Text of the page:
Cisco Acquiring IoT Platform Provider Jasper for $1.4 Billion

The networking device maker says Jasper's platform has enabled thousands of companies to turn products into Internet of Things services.
By Mary Catherine O'Connor
Feb 04, 2016

Networking giant Cisco says it is acquiring Jasper, a private, cloud-base IoT connectivity and services provider based in Santa Clara, Calif.. Cisco will pay $1.4 billion in cash and assumed equity awards, plus additional retention-based incentives.

During a conference call yesterday to announce the deal, Rob Salvagno, Cisco's VP of corporate development, praised Jasper's CEO, Jahangir Mohammed, for his vision in building out the Jasper platform throughout the past decade.

"Jasper delivers the largest IoT service platform in the market, with over 3,500 enterprise customers, served through 27 service provider partners and available in over 100 countries," Salvagno said. "Together, Jasper and Cisco can accelerate the adoption of IoT with greater impact and at greater scale than either of us can do alone."

Cisco, which reported revenue last year of $49.16 billion, sells IoT gateways (used to communicate with wireless sensors and other IoT devices), as well as ruggedized routers and switches, that are currently used in Internet of Things applications in industrial vertical markets, in order to collect and route data from sensors that are increasingly added to stationary machinery and mechanical systems. Cisco also sells software used to filter incoming IoT-related data and perform analytics, to help end users derive value from that data. Jasper is purely a software and services company, and most of its customers have mobile IoT applications, ranging from connected cars to connected tractors and mobile asset management. Rowan Trollope, the senior VP and general manager of Cisco's Collaboration and IoT Technology Group, explained that acquiring Jasper gives Cisco access to customers in the mobile IoT space.

"Jasper has really been breaking ground for many years in helping thousands of companies of all sizes to rapidly bring their products to market, and to manage and monetize those as services, at a global scale," Trollope said. Many of Cisco's customers, he added, are "looking to transition their business models from a static product to a connected service," and Jasper's platform enables them to do so quickly and easily.

Jasper says it takes the complexity out of establishing and managing networks of connected devices. The company's cloud-based software includes a provisioning engine that its customers can use to add or remove devices to or from their IoT networks via network operators across the globe. An IoT device could be, for example, a vending machine, a car, a home security hub or an insect monitor in an apple orchard. Customers can also use the Jasper platform to track the connectivity status and data usage related to those IoT devices. In addition, Jasper provides technical support and troubleshooting services. For these services, the firm charges its customers a monthly subscription fee.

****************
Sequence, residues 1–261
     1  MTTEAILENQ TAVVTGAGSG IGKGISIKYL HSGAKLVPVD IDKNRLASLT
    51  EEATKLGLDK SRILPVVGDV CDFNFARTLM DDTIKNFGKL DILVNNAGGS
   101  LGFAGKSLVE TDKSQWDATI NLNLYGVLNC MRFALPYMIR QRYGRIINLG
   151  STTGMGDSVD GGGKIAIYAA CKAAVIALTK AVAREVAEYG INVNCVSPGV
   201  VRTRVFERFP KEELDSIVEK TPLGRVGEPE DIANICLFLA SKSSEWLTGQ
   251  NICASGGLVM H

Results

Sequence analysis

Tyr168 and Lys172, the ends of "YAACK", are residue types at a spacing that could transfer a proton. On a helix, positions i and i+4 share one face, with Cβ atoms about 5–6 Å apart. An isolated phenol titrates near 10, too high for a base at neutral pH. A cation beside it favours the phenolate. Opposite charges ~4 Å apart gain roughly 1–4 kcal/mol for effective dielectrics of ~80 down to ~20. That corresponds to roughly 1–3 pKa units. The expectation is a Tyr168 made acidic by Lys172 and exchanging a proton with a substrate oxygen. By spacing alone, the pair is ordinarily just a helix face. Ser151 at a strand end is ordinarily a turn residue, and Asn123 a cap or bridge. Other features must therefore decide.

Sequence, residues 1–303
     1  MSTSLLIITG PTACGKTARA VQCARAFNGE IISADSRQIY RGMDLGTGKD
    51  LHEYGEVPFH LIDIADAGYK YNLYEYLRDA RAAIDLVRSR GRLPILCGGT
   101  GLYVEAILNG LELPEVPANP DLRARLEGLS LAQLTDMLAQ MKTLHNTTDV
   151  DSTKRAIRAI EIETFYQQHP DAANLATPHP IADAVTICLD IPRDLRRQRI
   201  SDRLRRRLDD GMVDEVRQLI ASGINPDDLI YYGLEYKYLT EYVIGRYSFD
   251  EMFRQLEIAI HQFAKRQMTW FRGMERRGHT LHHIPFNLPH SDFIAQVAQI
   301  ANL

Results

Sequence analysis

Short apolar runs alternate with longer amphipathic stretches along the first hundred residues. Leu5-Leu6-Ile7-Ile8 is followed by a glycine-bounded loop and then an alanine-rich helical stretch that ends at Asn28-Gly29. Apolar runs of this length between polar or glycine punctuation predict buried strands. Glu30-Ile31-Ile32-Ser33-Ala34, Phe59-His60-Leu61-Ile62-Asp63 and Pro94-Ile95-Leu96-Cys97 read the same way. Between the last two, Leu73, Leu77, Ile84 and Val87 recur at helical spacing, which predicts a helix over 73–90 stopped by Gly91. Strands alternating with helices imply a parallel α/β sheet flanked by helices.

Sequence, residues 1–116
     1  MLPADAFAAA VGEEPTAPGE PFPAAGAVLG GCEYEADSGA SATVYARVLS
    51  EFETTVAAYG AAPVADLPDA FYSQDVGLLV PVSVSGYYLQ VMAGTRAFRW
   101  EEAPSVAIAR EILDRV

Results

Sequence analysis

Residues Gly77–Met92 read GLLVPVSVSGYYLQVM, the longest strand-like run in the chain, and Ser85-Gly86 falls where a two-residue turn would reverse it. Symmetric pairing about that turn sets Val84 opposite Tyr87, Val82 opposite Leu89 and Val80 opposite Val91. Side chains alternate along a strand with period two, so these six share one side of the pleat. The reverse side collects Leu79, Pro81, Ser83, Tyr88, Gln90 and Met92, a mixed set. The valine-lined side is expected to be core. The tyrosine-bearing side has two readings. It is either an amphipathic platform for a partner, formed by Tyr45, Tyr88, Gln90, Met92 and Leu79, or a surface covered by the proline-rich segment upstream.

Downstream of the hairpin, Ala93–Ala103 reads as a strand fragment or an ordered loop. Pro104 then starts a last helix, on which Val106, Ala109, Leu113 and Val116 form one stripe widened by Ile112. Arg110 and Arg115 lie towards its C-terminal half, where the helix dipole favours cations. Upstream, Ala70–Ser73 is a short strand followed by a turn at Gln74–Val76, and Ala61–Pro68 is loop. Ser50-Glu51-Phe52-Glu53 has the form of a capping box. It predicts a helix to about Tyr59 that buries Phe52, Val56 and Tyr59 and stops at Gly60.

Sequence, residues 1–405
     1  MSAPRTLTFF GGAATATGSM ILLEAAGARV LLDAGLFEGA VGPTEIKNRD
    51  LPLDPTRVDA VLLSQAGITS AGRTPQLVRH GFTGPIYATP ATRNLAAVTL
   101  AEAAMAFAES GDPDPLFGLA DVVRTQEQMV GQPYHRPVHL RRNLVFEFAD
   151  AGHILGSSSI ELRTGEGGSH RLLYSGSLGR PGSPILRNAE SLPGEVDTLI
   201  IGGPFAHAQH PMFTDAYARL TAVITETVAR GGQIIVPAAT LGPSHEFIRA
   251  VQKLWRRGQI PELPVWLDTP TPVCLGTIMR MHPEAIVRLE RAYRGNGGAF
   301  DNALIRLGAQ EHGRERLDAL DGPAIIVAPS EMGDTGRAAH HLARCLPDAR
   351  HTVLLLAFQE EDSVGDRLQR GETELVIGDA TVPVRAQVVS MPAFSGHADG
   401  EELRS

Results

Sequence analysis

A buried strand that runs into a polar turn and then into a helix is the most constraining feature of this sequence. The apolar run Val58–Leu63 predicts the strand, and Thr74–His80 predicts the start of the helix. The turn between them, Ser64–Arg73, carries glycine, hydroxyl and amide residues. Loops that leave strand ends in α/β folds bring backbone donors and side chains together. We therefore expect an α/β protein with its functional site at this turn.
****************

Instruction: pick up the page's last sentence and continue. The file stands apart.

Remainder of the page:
The bulk of Jasper's customers employ cellular networks to connect their devices, whereas Cisco's IoT deployments generally leverage enterprise networks using Wi-Fi, wireless personal area networks (WPAN) or low-power wide area networks (such as Lora). So the deal expands the IoT connectivity footprint for both companies.

During the conference call, Mohammed said that the process for connecting static products is complex. "It's new territory [for our customers]. With our cloud platform, we are enabling enterprises to develop connected services much faster" than they could on their own, he said. "Partnering with Cisco lets us do that at a larger scale and with a more complete solution," he added, referencing Cisco's hardware and software analytics capabilities.

Since its founding in 2004, Jasper has raised more than $205 million in equity funding in six rounds, according to Crunchbase.

The deal is expected to close later this year and is subject to regulatory approval.

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